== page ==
An emergency ordinance passed by Aspen’s city council last week put a halt to all new short-term rental permits, as well as permits for all home construction projects, in an effort to combat the city’s increasing lack of affordable housing.
“It’s not outlandish to say all our mountain communities are experiencing an existential crisis on this nexus of housing, overtourism, community identity and protecting our environment,” Phillip Supino, Aspen’s director of community development, told The Colorado Sun.
Prior to the city council’s vote on the decision, city workers were scrambling to process 182 new applications for short-term rental permits filed at the 11th hour by property owners hoping to squeeze into the market before the council had time to make a final decision, in what would end up being a unanimous vote against any new permits, The Sun reported.
Aspen’s Emergency Ordinance 27 bans new-construction permits that will increase a property’s living area, square footage or building height in the hopes of clamping down on homeowners’ potential projects for future vacation rentals in a city that feels overrun by them.
Although many of the city’s residents expressed support of a move that they felt was preserving their community and helping to prevent residents from being priced out, other local vacation rental owners and individuals in the building industry expressed frustration.
“This is such a knee-jerk reaction,” Tracy Sutton, owner of Aspen Signature Rentals and manager of about 104 homes, told The Sun. “The council gave us less than 24 hours’ notice … and they have not reached out to anyone in the rental community. I don’t think they have accurate data. This is obviously not well thought out. No one seems to be able to answer why this is an emergency and why it had to happen in one day.”
Some objectors pointed out at the city council meeting that the complete ban on all new construction jobs would also prevent residents from making green updates to their homes as the community works to meet its environmental goals (about 75 percent of the local landfill is reportedly full of waste from construction projects). Others argued that such a quick move could not have been properly considered from all angles.
“What is the emergency?” Kim Raymond, a local architect, asked The Sun. She added that the ordinance stated a desire to “restore public confidence in the development process,” but that “doing something this quickly does not do that.”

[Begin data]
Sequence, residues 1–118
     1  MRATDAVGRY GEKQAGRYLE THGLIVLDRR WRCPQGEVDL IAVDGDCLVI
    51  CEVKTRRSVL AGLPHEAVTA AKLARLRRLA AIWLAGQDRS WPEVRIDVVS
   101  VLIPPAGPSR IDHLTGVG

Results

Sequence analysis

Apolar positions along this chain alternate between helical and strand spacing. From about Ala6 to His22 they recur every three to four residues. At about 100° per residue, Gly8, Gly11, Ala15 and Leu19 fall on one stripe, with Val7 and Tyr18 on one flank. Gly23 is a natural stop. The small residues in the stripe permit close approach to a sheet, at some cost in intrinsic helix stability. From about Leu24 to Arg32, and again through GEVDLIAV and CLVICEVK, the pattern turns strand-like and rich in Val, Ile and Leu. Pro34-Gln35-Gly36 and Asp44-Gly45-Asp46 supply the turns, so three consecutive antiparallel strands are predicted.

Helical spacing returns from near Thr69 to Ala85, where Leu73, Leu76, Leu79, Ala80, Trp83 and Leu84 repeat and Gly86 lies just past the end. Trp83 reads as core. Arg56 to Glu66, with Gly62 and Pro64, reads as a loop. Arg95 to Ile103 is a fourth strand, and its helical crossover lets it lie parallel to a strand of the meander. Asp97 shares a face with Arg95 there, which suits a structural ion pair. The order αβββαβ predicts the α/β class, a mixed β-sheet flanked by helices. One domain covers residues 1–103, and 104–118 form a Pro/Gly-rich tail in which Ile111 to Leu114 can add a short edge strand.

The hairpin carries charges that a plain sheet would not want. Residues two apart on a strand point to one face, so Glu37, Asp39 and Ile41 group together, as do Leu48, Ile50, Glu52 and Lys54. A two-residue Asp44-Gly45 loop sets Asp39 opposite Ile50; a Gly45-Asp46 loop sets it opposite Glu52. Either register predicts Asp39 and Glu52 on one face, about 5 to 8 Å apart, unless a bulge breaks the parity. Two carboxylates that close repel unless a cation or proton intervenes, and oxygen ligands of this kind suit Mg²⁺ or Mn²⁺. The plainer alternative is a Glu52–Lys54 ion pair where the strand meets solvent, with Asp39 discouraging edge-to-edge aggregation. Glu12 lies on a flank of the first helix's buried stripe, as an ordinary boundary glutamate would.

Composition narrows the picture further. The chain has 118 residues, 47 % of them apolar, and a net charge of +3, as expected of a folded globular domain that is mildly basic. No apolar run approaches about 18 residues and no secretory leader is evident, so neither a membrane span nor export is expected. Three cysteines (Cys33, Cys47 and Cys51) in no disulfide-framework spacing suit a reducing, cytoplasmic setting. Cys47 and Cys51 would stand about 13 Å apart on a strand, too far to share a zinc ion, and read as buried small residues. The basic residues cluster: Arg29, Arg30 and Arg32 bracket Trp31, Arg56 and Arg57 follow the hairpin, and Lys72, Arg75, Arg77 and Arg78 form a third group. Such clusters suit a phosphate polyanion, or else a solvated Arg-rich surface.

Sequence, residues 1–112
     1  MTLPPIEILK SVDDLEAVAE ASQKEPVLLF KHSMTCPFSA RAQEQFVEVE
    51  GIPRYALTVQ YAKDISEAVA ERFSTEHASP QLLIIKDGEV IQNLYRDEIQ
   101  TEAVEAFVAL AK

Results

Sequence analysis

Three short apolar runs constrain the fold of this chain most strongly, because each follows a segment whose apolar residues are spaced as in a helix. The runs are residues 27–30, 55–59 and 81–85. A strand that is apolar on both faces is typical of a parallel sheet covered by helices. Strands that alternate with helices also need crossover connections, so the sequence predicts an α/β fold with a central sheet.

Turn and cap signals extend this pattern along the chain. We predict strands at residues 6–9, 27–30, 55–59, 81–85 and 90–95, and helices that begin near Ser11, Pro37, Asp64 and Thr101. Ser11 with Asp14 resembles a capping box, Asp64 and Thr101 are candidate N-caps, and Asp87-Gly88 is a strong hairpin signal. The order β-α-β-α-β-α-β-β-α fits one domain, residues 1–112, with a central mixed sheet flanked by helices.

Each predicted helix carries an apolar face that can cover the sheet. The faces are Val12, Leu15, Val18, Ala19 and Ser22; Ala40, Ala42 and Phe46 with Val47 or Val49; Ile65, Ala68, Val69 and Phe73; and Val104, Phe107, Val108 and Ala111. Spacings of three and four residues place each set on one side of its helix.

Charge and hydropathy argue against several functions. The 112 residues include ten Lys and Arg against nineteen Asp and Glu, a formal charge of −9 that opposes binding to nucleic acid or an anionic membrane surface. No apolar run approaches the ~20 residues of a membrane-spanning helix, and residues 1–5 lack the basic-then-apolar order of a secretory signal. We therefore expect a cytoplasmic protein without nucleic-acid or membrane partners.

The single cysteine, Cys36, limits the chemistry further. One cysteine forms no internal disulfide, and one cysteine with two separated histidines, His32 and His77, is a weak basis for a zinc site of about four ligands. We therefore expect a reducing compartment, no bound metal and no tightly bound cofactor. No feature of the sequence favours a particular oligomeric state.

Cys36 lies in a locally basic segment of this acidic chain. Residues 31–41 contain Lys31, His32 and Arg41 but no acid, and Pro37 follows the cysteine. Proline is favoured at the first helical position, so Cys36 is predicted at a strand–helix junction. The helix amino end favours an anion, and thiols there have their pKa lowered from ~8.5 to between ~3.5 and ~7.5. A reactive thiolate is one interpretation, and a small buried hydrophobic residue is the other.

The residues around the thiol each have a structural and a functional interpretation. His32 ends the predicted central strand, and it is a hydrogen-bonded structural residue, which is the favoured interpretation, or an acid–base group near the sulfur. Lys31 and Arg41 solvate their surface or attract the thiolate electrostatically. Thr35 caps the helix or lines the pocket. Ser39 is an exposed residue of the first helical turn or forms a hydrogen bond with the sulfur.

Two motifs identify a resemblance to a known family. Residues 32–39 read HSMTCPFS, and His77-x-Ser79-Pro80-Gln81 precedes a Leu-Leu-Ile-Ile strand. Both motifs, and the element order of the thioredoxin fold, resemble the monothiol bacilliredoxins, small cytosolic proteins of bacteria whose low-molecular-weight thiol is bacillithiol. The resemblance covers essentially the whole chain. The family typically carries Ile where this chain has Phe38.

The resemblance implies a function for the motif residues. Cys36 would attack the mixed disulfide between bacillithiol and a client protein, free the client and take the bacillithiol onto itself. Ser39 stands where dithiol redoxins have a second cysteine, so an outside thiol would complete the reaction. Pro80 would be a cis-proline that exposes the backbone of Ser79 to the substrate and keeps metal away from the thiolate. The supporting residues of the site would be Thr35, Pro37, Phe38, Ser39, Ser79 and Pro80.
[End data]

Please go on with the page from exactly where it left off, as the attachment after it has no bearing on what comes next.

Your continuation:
Likewise, Bill Stirling, an Aspen broker with Douglas Elliman who was also mayor of the city during the 1980s, said he felt issuing an order in this case was unfair to the public.
“I feel it’s an abuse of the process to use an emergency ordinance to do a thing that is worthy of discussion and attention,” he said. “It locks the public out.”
The city’s short-term rental permits that were issued in 2021 will continue through September. Permit holders will also be able to renew those permits next year. However, no new permits will be issued for 2022.
Supino said that the council’s decision came after years of discussing with community planners the city’s myriad issues related to affordable housing, short-term rentals, the area’s surging real estate demand and prices, as well as the city’s environmental goals and desire to preserve the community’s character.
Real estate spending was up 13 percent year over year in Pitkin County as of October, according to Land Title Guarantee Co. And the majority of that spending was concentrated in Aspen, where $2.34 billion across 397 deals was spent through October. Now, the average price of a single-family home in the city is $12 million, up from $10.5 million the year before.
Supino said that the halt to construction projects won’t impact permanent Aspen residents much since the city’s short-term rental and vacation home market has been segregated from the permanent residential market for decades. The new city ordinance states that the local market “no longer delivers meaningful housing for local residents” and that “the vast majority” of permanent residents live in deed-restricted or subsidized housing.
Visitors staying in short-term rentals from January through August spent about $50.7 million in Aspen. Due to the city’s 2 percent lodging tax, about 1,200 short-term rentals throughout the city yielded roughly $1 million to go back to the city.
Likewise, the city of Aspen had collected about $5.9 million in development fees on construction projects through the first week in December in 2021, compared to a total of $5.8 million development fees throughout 2020.
Although builders like Bob Bowden worried during the council meeting that the ordinance would result in the sacrificing of hundreds of construction jobs, the council said that projects currently underway or planned and permitted will provide the industry with ample jobs for months.
“We believe that taking a pause to address these code-related issues, while inconvenient, is not detrimental in the long run,” Sara Ott, city manager, told The Sun. “It is a big deal for city council to take this action. But they believe it is critical to make sure the community plan is being truly executed as intended by the community. They don’t see what’s coming through in these development applications as meeting that intent.”
Aspen isn’t the only place battling with short-term rentals — California has received a lot of attention in recent years for seriously restricting short-term rental permits. New York City, Honolulu, New Orleans and Las Vegas all have pretty stringent regulations as well when it comes to marketing and obtaining short-term rental permits.
Generally speaking, community conflicts with short-term rentals often boil down to many of the issues highlighted in Aspen’s case: ensuring that communities retain their fabric and that permanent residents aren’t priced out of their homes.
Email Lillian Dickerson